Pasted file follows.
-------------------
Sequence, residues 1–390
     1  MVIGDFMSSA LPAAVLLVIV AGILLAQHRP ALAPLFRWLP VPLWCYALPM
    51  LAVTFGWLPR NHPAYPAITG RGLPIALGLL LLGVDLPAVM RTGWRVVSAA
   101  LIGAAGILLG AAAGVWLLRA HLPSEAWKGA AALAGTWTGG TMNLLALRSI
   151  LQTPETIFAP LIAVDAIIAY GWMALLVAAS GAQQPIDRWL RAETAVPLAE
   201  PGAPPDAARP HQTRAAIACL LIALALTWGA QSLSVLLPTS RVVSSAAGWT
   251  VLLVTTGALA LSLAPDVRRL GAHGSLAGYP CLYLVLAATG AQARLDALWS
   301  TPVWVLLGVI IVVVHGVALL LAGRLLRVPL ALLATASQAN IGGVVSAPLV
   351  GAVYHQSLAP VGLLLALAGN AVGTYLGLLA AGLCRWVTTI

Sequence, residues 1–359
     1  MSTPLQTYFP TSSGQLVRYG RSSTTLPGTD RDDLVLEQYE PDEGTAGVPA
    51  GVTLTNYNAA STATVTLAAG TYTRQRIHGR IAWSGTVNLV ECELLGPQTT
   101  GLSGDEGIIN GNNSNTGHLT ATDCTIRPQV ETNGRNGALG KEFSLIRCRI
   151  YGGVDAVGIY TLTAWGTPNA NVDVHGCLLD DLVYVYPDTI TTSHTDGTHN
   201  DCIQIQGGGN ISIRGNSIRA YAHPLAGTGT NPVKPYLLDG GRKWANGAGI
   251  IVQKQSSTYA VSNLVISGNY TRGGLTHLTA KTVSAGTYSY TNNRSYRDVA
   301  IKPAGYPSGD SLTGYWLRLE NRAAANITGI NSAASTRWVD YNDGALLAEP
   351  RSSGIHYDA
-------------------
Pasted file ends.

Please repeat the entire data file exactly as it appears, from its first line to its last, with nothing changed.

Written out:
Sequence, residues 1–390
     1  MVIGDFMSSA LPAAVLLVIV AGILLAQHRP ALAPLFRWLP VPLWCYALPM
    51  LAVTFGWLPR NHPAYPAITG RGLPIALGLL LLGVDLPAVM RTGWRVVSAA
   101  LIGAAGILLG AAAGVWLLRA HLPSEAWKGA AALAGTWTGG TMNLLALRSI
   151  LQTPETIFAP LIAVDAIIAY GWMALLVAAS GAQQPIDRWL RAETAVPLAE
   201  PGAPPDAARP HQTRAAIACL LIALALTWGA QSLSVLLPTS RVVSSAAGWT
   251  VLLVTTGALA LSLAPDVRRL GAHGSLAGYP CLYLVLAATG AQARLDALWS
   301  TPVWVLLGVI IVVVHGVALL LAGRLLRVPL ALLATASQAN IGGVVSAPLV
   351  GAVYHQSLAP VGLLLALAGN AVGTYLGLLA AGLCRWVTTI

Sequence, residues 1–359
     1  MSTPLQTYFP TSSGQLVRYG RSSTTLPGTD RDDLVLEQYE PDEGTAGVPA
    51  GVTLTNYNAA STATVTLAAG TYTRQRIHGR IAWSGTVNLV ECELLGPQTT
   101  GLSGDEGIIN GNNSNTGHLT ATDCTIRPQV ETNGRNGALG KEFSLIRCRI
   151  YGGVDAVGIY TLTAWGTPNA NVDVHGCLLD DLVYVYPDTI TTSHTDGTHN
   201  DCIQIQGGGN ISIRGNSIRA YAHPLAGTGT NPVKPYLLDG GRKWANGAGI
   251  IVQKQSSTYA VSNLVISGNY TRGGLTHLTA KTVSAGTYSY TNNRSYRDVA
   301  IKPAGYPSGD SLTGYWLRLE NRAAANITGI NSAASTRWVD YNDGALLAEP
   351  RSSGIHYDA